Effect Of Heavy Metal Ion On The Antioxidant Properties Of Mentha Spicata | 10290
ISSN: 2155-9872

Journal of Analytical & Bioanalytical Techniques
Open Access

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Effect of heavy metal ion on the antioxidant properties of Mentha spicata

4th International Conference and Exhibition on Analytical & Bioanalytical Techniques

Tara Pokhriyal

Accepted Abstracts: J Anal Bioanal Tech

DOI: 10.4172/2155-9872.S1.015

Oxidative stress arises when there is a marked imbalance between the production and removal of reactive oxygen species (ROS) in favor of the prooxidant balance, leading to potential oxidative damage. ROSs was considered traditionally to be only a toxic by product of aerobic metabolism. Plants can't move away and are therefore continuously confronted with unfavorable environmental conditions (such as soil salinity, drought, heat, cold, floods and heavy metal contamination) Like all other organisms, plants have evolved different mechanisms to maintain physiological concentrations of essential metal ions and to minimize exposure to non-essential heavy metals. Some mechanisms are ubiquitous because they are also required for general metal homeostasis, and they minimize the damage caused by high concentrations of heavy metals in plants by detoxification, thereby conferring tolerance to heavy metal stress. Among heavy metals, cadmium (Cd) and Nickel is a non-essential and toxic metal, rapidly taken up by roots and accumulated in various plant tissues. In the present study, the effects of heavy metals generating antioxidative defense systems (i.e. total phenolics estimation, antioxidant activity assay etc) were studied on the leaves of Mentha plants grown in soil polluted with heavy metals (Co, Ni, Pb, As). The elevation of non enzymatic activity in leaves was the only more general reaction to metal exposure, which is seen by analyzing the effects of soil metal contamination on Mentha spicata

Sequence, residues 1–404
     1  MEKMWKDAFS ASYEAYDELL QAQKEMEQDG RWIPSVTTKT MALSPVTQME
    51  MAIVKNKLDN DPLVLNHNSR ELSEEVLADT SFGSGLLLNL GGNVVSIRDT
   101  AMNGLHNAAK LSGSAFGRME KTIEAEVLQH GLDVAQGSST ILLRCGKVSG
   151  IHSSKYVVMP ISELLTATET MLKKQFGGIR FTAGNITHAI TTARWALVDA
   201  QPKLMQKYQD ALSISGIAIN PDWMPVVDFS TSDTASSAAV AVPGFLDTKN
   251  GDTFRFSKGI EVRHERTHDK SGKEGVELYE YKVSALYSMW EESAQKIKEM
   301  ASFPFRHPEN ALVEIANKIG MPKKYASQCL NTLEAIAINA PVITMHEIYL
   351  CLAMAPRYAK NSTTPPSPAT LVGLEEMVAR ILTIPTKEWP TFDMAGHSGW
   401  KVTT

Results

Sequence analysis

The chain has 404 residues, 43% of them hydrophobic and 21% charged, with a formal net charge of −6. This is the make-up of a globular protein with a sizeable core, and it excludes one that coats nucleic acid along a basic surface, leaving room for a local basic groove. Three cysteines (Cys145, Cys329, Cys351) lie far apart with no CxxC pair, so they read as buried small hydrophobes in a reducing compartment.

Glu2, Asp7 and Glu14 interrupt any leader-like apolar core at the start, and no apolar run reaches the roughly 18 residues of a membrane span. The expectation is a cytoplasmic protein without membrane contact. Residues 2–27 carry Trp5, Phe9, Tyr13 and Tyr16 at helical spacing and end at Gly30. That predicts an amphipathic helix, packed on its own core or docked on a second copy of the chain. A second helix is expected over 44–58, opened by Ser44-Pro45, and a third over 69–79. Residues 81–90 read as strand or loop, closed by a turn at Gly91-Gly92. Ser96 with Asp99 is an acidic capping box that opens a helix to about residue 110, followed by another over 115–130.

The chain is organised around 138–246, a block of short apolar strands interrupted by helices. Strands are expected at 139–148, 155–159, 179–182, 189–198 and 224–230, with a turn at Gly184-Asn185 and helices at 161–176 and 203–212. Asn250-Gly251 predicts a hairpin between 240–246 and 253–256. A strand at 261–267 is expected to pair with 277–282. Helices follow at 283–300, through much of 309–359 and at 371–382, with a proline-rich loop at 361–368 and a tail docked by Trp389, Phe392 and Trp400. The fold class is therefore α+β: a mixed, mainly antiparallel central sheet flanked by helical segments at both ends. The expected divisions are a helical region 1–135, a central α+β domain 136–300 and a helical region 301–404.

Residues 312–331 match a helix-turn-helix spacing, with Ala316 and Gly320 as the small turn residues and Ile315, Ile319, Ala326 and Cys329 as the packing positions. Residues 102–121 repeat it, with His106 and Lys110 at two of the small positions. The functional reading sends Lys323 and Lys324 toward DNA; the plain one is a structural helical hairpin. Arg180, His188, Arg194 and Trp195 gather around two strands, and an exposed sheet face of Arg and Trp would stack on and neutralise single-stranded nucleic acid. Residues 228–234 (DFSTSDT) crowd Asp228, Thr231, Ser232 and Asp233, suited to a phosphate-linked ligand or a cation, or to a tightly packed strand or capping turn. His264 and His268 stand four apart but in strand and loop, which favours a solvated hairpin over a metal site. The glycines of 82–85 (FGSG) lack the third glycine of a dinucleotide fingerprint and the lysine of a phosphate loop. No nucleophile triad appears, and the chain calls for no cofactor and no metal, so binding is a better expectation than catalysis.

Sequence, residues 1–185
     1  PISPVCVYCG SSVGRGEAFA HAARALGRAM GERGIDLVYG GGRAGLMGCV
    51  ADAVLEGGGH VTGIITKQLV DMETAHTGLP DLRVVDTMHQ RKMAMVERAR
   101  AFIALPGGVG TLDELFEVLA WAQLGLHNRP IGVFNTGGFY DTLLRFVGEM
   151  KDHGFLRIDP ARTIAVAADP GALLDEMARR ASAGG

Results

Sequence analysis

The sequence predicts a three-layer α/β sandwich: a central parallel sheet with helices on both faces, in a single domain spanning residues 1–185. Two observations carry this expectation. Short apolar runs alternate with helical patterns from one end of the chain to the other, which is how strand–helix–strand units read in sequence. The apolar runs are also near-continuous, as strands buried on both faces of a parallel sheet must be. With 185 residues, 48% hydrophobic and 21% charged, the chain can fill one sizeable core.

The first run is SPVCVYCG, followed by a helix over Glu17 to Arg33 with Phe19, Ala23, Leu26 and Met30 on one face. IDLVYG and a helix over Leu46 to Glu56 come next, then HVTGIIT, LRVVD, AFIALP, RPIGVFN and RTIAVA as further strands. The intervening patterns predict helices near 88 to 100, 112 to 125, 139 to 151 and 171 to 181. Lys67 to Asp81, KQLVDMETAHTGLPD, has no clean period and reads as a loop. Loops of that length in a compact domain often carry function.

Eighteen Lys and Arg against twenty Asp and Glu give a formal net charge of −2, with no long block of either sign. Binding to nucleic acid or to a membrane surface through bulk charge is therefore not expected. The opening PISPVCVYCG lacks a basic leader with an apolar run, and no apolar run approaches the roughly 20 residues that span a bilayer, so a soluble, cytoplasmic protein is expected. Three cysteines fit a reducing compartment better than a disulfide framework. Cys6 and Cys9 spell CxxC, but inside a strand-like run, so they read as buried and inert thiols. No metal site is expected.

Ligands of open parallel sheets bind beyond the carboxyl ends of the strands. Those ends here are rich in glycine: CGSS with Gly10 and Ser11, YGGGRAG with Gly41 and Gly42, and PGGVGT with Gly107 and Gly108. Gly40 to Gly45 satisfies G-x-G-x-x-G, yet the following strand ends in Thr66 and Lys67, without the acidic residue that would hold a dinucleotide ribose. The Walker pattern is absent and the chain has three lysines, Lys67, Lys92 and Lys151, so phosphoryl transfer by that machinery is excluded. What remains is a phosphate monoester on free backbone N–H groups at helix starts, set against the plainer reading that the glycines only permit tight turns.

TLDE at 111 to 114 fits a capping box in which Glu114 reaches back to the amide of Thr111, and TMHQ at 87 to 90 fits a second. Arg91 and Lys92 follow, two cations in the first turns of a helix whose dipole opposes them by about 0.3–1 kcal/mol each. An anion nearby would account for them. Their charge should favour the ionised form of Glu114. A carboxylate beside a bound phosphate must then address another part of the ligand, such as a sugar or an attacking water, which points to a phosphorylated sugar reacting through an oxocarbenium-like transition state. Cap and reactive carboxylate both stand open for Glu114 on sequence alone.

Tara Pokhriyal has completed her M.Sc. Biochemistry at the age of 21 years from Lovely Professional University.